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Author Topic: Confined Spaces: Planning Entry and Working Safely in a Confined Space  (Read 5828 times)

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Confined spaces - serial killer
Confined spaces have been likened to a serial killer. Year after year, people die when entering confined spaces to carry out work. In some cases, multiple fatalities occur when would-be rescuers enter the space and become victims themselves.

Consider these cases in New Zealand:

1999: Three men died from lack of oxygen inside a sewer manhole.
1998: A man drowned in slurry after being suffocated by fermentation fumes in a tank used to mash pig feed.
1997: A winemaker inspecting a vat was suffocated by fumes from fermenting wine.
1997: A man steam cleaning the inside of a fuel tank died from lack of oxygen.
About this fact sheet
Because work in a confined space is so hazardous, it is covered by a combined Australian-New Zealand standard: ASNZS 2865-1995 Safe working in a confined space. (The standard is presently under review.)

This leaflet will give you a brief overview of the requirements and procedures in the Standard. It is not a substitute for the Standard itself.

Anyone who carries out confined space work needs to be familiar with the Standard, and should have had specialist training as well.

What is a confined space?
A confined space is defined as an enclosed or partially enclosed space that is not intended as a place of work. It is liable to have an atmosphere that contains harmful contaminants or not contain a safe oxgen level. It may have contents that could cause engulfment. It may have restricted means for entry and exit.

Examples include: storage tanks, tank cars, process vessels, boilers, silos, pits, pipes, sewers, shafts, ducts, shipboard spaces.

What does the Standard require?
The standard follows the approach of the Health and Safety in Employment Act 1992. It requires employers (or persons in control of the place of work) to:

Identify the hazards associated with working in the confined space.
Assess the risks (i.e. determine if the hazards are significant).
Control the risks by:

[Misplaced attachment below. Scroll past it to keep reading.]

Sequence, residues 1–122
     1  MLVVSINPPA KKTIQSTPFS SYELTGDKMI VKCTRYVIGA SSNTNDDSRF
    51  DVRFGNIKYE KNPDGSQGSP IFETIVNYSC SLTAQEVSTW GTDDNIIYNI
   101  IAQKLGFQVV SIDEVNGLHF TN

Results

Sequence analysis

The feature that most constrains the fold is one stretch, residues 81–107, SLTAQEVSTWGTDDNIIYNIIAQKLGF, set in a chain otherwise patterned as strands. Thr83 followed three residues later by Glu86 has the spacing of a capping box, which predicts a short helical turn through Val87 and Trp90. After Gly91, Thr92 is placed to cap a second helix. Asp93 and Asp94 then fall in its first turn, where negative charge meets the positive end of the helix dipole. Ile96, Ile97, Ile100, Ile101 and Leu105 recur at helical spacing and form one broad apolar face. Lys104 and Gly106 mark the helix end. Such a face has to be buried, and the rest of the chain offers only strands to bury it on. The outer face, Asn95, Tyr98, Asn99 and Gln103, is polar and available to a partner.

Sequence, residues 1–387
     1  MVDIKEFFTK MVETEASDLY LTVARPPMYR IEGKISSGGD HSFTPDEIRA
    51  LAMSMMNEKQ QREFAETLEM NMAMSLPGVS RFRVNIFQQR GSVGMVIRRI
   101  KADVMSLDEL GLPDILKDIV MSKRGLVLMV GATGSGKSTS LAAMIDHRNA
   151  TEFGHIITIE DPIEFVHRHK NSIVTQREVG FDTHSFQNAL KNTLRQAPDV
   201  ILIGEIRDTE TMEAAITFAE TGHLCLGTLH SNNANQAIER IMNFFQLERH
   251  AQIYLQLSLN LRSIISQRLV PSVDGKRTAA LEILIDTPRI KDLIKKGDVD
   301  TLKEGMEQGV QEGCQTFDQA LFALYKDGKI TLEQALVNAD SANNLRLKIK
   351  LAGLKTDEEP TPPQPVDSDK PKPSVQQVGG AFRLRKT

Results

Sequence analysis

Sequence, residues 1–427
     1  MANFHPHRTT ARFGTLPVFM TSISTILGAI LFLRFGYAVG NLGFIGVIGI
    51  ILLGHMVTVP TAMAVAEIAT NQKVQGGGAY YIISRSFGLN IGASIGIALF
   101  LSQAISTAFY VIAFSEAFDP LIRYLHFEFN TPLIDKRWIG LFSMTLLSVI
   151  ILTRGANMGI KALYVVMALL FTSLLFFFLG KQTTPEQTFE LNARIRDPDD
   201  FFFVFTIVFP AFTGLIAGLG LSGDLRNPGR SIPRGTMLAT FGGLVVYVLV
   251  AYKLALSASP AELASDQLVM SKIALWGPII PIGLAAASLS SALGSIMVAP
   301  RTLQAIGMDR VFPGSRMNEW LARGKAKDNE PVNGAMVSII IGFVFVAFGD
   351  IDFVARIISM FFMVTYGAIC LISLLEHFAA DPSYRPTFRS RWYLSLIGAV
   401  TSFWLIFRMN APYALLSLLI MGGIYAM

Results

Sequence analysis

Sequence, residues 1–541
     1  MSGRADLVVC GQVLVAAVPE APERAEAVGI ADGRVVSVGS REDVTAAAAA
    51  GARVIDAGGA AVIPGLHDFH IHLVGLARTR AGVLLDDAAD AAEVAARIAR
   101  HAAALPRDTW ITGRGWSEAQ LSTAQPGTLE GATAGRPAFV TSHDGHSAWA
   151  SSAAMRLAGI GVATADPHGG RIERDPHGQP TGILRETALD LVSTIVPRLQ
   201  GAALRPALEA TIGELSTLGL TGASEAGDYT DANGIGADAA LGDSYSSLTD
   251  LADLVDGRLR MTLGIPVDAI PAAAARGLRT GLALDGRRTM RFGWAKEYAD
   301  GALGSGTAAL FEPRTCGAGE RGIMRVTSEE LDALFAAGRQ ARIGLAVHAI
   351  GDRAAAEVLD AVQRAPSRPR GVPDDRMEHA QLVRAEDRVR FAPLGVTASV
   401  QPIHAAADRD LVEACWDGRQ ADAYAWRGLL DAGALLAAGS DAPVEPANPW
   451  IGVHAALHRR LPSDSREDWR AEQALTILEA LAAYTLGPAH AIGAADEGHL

engineering controls;
administrative controls; and
use of personal protective equipment.
Identifying and assessing hazards
The Standard gives detailed information on hazard identification and risk assessment.

Some of the hazards of confined spaces include:

Oxygen-deficient atmospheres, which can cause brain damage and death.
Oxygen deficiency can be caused by rust, fire, absorption by grain or soils, consumption by bacteria, and displacement by another gas.
Toxic atmospheres, containing gases, vapours, dusts or fumes that have poisonous effects on the body. Cleaning, painting or welding may produce dangerous vapours or fumes.
Flammable or explosive atmospheres, containing flammable gases, vapours or dusts which could be ignited by a spark or open flame. The risk of explosion or spontaneous combustion is increased if an oxygen-enriched atmosphere exists (where the oxygen content is greater than 23.5%).
Engulfment - workers can be trapped or buried by dry bulk materials such as grain, sand, flour, fertiliser and sawdust.
Operation of moving parts, e.g. being trapped or crushed by augers, mixers, agitators or conveyor belts).
Uncontrolled introduction of steam, water, or other gas or liquid.
Other hazards could result from the work being done, e.g. noise, extremes of temperature, radiation, manual handling and falls.
Controlling the risks
The control measures should be applied in the order given earlier (beginning with elimination, followed by substitution, etc.) These are summarised as follows: